Preoperative Hypertension Treatment: Adrenergic blockade is THE most helpful in treating hypertension preoperatively. These drugs probably reduce the complications of hypertensive crisis, the wide BP fluctuations during manipulation of the tumor (especially until venous drainage is obliterated), and the myocardial dysfunction that occurs perioperatively. A reduction in mortality associated with resection of pheochromocytoma (from 40% to 60% to the current 0% to 6%) occurred when α-adrenergic receptor blockade was introduced as preoperative and preprocedure preparatory therapy for such patients. Perioperative α-adrenergic receptor blockade with prazosin or phenoxybenzamine (t 1/2 ~ 24 hours) will help by counteracting the excessive catecholamine stimulation that results in hypertension. This medication has been recommended to commence at least 10-14 days prior to surgery.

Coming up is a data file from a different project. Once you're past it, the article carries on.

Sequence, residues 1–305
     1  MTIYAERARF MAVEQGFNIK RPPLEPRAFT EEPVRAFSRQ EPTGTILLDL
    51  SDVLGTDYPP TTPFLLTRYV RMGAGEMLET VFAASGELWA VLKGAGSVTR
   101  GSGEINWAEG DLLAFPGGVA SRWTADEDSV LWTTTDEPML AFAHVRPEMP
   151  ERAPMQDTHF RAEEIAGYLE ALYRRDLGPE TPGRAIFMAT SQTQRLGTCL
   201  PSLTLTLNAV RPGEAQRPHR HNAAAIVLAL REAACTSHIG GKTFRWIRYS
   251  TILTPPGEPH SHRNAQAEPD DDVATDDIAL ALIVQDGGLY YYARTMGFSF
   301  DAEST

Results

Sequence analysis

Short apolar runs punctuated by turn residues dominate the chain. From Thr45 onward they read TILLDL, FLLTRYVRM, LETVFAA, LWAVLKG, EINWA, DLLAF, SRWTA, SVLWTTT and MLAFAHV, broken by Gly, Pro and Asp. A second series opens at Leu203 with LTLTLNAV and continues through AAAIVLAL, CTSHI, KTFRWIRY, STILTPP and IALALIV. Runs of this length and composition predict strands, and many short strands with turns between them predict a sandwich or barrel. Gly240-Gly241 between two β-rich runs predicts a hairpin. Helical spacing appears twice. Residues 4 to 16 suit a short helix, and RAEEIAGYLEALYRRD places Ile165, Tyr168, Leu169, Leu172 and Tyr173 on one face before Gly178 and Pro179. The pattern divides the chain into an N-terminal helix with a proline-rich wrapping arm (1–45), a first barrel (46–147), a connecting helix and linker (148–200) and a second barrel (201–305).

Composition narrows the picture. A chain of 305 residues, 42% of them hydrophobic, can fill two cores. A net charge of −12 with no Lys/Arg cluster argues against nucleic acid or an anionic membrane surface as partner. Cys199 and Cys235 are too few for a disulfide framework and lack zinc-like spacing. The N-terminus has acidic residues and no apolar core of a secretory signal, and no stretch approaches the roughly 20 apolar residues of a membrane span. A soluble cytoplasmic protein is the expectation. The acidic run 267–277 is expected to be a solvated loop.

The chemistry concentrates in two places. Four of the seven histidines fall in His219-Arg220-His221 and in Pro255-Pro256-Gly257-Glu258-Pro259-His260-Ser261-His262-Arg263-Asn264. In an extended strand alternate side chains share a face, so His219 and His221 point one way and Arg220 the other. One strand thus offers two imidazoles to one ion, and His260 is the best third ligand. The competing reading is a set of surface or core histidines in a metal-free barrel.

β-Adrenergic receptor blockade with propranolol is suggested for patients who have persistent arrhythmias or tachycardia because these conditions can be precipitated or aggravated by α-adrenergic receptor blockade. β-Adrenergic receptor blockade should not be used without concomitant α-adrenergic receptor blockade lest the vasoconstrictive effects of the latter go unopposed and thereby increase the risk for dangerous hypertension.
Other drugs, including calcium channel blocking drugs, clonidine, dexmedetomidine, and magnesium, have also been used to achieve suitable degrees of α-adrenergic blockade before surgery.
Intraoperative Hemodynamic Treatment: because of ease of use, there is a preference to give phenylephrine hydrochloride (Neo-Synephrine) or dopamine for hypotension and nitroprusside for hypertension. Phentolamine (Regitine, t 1/2 19 mins) has too long an onset and duration of action.
Pheochromocytoma and BP Control
- Perioperative: phenoxybenzamine
- Intraoperative Hypotension: phenylephrine (direct acting, titratable)
- Intraoperative Hypertension: nitroprusside (highly titratable and potent)